I don’t think anyone guessed the end of the world would be so quiet.
Given the past few years, I imagine most thought it would end with a brilliant flash of blinding light. Those that weren’t consumed by the fire or torn to shreds by the concussive force would slowly wither in the months that followed as they drank tainted water and consumed poisoned food; a gasping death for the human race, as agonizing as it is tedious.
But it wouldn’t be the end of life, nor the Earth. While most might not count extremophiles as proper forms of life, I think they do. Especially when nothing else is around to vote against them. Not even the microorganisms would survive this, however, because there just wouldn’t be anything left. And just like those standing under the bomb as it detonates, they wouldn’t have any clue as to why. One moment they’re squirming around searching for sustenance, the next nothing.
At least they had the peace in not knowing the sentience afflicting us humans. At least they weren’t sitting outside on the pavement, looking up as a wave of inky blank blotted out the stars.
It was supposed to be a full moon tonight, and yet the moon was absent. Thank God for modern electricity, else it would be too dark to see anything. It’s easy to forget how much light the moon and the stars provide, until they’re gone anyways. Just like when the astronomers and physicists watched the planets at the edges of our solar system vanish, a wave of darkness swept across our own satellite friend. Now it is nothing. Nothing forever, and always. Soon, we’d join it.
Several scientists said it was… false vacuum decay, or something like that. The breaking down of reality as our universe went from a false to a true vacuum, whatever the heck that meant. But I don’t think they really knew why this was happening, because I heard others claiming half a dozen different things. Waving their diplomas on tv, shouting heat death and dark energy, or dark Gods and times of reckoning.
Really, the only thing they were united in was in how screwed we were.
No solutions, no options to flee to the stars. Regardless of why our solar system – and likely the rest of the observable universe – was vanishing, the fact it was happening couldn’t be denied.
In a few minutes, or maybe a few hours, or maybe even a few days if fate were truly cruel… humanity would end as the Earth vanished. All life on this small planet would go with it, and perhaps all life in the universe shortly thereafter. Or maybe it would stop with Earth, maybe those people I wanted to pass off as mad were right.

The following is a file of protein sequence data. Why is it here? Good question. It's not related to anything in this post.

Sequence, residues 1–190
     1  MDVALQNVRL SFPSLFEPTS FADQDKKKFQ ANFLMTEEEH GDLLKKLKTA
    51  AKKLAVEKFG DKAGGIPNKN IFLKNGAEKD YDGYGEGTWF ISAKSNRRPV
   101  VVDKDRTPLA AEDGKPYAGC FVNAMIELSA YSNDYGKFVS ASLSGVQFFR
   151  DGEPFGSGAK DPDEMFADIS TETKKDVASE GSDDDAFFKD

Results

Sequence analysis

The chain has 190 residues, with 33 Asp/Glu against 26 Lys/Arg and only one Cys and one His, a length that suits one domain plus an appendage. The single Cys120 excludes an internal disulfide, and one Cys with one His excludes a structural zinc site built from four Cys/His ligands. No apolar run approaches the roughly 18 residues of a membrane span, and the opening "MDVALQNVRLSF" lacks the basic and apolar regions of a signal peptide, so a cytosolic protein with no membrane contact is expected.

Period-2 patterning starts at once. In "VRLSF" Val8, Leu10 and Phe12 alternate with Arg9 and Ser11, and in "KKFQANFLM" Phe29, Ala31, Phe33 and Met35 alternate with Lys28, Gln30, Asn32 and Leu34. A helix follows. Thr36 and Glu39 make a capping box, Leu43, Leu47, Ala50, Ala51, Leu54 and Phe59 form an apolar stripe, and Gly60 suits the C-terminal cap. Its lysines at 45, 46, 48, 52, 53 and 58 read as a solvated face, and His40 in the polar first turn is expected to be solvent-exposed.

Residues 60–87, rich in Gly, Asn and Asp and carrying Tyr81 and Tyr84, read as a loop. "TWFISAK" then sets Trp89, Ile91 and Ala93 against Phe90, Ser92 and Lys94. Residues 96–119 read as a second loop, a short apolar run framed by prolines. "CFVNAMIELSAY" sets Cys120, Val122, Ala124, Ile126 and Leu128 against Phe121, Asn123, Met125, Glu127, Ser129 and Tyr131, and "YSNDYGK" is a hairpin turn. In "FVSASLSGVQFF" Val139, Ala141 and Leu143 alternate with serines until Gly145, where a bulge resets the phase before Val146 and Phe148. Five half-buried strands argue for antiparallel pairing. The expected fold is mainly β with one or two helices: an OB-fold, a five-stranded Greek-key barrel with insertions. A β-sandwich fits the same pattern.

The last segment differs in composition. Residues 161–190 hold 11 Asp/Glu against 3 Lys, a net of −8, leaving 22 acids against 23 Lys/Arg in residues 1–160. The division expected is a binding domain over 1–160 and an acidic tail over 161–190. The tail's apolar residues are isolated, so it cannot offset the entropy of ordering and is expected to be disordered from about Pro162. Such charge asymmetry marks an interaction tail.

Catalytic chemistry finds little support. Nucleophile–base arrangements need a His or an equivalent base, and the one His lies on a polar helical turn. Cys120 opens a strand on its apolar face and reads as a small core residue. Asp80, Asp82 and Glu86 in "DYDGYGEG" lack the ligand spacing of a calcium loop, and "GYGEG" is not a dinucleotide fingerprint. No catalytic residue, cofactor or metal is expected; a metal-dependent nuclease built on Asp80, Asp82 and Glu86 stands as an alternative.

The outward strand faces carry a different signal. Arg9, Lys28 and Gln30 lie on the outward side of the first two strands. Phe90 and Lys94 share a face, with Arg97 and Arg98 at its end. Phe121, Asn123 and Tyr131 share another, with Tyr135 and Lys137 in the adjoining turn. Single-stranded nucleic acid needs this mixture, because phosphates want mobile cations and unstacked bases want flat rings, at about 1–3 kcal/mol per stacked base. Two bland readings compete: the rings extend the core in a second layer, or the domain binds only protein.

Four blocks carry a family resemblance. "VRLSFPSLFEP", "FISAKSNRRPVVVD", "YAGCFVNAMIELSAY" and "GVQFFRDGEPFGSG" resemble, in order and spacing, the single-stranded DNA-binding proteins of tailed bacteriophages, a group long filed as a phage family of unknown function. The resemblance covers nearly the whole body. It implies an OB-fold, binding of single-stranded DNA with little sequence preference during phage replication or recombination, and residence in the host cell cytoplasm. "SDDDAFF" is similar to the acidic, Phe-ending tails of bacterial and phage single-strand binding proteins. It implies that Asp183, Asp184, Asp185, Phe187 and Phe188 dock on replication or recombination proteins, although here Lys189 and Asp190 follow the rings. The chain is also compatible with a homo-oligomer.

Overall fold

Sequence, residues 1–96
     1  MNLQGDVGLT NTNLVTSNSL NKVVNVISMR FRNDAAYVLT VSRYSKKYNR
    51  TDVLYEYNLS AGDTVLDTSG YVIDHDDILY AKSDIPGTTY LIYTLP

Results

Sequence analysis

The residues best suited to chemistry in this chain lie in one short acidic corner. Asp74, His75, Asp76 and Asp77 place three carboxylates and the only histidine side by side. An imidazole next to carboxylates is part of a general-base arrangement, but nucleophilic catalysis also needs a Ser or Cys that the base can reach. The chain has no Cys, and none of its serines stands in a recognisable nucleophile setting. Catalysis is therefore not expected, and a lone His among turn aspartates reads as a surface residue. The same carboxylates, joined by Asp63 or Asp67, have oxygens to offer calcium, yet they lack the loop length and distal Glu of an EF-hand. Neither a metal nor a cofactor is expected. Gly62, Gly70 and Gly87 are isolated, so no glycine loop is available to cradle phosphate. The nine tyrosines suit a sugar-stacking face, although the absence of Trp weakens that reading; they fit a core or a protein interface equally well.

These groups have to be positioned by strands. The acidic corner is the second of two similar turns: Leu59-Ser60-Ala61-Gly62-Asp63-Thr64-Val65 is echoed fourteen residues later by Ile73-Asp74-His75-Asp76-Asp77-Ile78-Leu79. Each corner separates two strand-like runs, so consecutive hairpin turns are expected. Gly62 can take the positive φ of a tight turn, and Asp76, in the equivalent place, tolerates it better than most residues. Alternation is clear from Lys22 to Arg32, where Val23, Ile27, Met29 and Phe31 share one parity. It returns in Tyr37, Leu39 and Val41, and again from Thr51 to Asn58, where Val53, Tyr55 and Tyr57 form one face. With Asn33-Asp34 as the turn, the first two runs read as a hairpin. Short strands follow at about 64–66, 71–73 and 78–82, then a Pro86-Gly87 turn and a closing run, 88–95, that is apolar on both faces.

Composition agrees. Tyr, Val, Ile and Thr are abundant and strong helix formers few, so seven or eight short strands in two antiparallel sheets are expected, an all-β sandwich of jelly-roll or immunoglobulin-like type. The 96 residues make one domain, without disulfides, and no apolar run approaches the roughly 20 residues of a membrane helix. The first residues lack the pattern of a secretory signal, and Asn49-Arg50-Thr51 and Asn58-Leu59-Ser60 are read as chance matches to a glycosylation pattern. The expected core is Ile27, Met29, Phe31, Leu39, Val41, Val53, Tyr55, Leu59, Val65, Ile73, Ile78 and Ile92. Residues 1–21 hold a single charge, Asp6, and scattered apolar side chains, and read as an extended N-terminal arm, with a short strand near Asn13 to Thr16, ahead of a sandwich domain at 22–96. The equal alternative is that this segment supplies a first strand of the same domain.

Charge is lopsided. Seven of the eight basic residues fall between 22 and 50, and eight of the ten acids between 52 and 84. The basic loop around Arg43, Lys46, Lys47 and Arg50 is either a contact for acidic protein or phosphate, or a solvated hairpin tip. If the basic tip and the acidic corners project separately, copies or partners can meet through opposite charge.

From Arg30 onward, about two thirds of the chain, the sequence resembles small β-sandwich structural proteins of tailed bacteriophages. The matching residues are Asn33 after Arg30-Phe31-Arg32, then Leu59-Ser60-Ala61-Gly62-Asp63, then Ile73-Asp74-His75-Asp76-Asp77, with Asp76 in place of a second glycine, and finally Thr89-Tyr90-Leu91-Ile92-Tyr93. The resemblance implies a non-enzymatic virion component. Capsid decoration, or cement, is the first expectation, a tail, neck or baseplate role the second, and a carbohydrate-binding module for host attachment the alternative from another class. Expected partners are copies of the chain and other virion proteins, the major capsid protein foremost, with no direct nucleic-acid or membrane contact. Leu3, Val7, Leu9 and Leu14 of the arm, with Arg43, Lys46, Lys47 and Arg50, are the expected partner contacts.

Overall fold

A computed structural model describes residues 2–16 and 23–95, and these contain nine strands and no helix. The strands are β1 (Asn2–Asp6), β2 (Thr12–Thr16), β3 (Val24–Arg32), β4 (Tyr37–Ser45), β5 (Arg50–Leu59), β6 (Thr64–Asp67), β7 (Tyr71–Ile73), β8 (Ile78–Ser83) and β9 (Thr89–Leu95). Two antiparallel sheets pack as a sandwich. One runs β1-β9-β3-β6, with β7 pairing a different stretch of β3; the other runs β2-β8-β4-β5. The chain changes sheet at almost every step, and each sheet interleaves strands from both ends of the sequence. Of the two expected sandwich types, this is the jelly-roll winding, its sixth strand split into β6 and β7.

Maybe this was our punishment for something horrible we did. There was plenty of atrocities to pick from, so why not? A cosmic entity sweeping across the Milky Way, deciding that this group of sentient life they had gotten wrong.
Would it really matter, if that option were the ‘correct’ one out of all the others? To me, not really. Not once it happened, since anybody who would care about us sticking around wouldn’t be around to mention it. No, ‘Actually, God, I think I would prefer to keep existing, if it’s all the same to you and your apocalypse.’
Then God would go, ‘Oh, I’m so sorry. I hadn’t stopped to consider that, here. Let me reverse all of this and can’t forget to put the moon back, plus all these other planets…do you all still want Pluto? No? Alright. Now, please stop rioting. Everything’s fine.’
Is it a bit egotistical of me to envision God as a man? Perhaps…it is definitely funny to start considering some of my biases here, at the literal end of existence.
But isn’t that the point? The city I’ve lived in is burning around me as people riot and generally freak the heck out. Running around to gather food and supplies, searching for a place to hole up like that’ll help, or trying to sacrifice others to appease to heavens.
The selfish lot are making it all about themselves. Like the end of the world is so terrible because it means they won’t be around anymore. Like the rest of the universe couldn’t go on living without them, or if not at least this universe, the supposed many others in adjacent realities. I mean, thinking about it objectively, the end of one reality isn’t so bad when there are countless others to take its place.
Branching out into infinity, each similar but unique in different ways. Undoubtedly there were ones where everything was just like this one I knew, but things continued past this point. Oh, there were probably infinite more where this was happening again.
I wonder what I’m like over there. Am I laying down in the street and staring up at the sky? Or am I looting like the rest? Maybe I’m huddled with my family in our house, trying to comfort them and pretend everything was going to be alright even though I knew it wouldn’t.
Or…I did actually know it was going to be alright. Just not for us, not if our definition of ‘alright’ included the prerequisite of ‘existence.’
That’s a bit demanding, if you ask me. Unreasonable.
Wouldn’t matter soon as it didn’t look like we had to fear for days of this. The darkness was closing in around the world, pulling in tight for an embrace. I could thank humanity’s desire to build tall things for the point of reference; it would be hard to tell how close the dark was if it weren’t for the fact the tops of the nearest skyscrapers vanished into it.
It was moving at a decent clip, probably moving a few feet every couple seconds. It wouldn’t be more than a minute or two before it hit us, and I think the rest of the city could sense it, even if they weren’t actively looking up.
More and more people walked into the street to join me. One by one they laid down and looked up with me.
And one by one, we closed our eyes as the dark washed over us.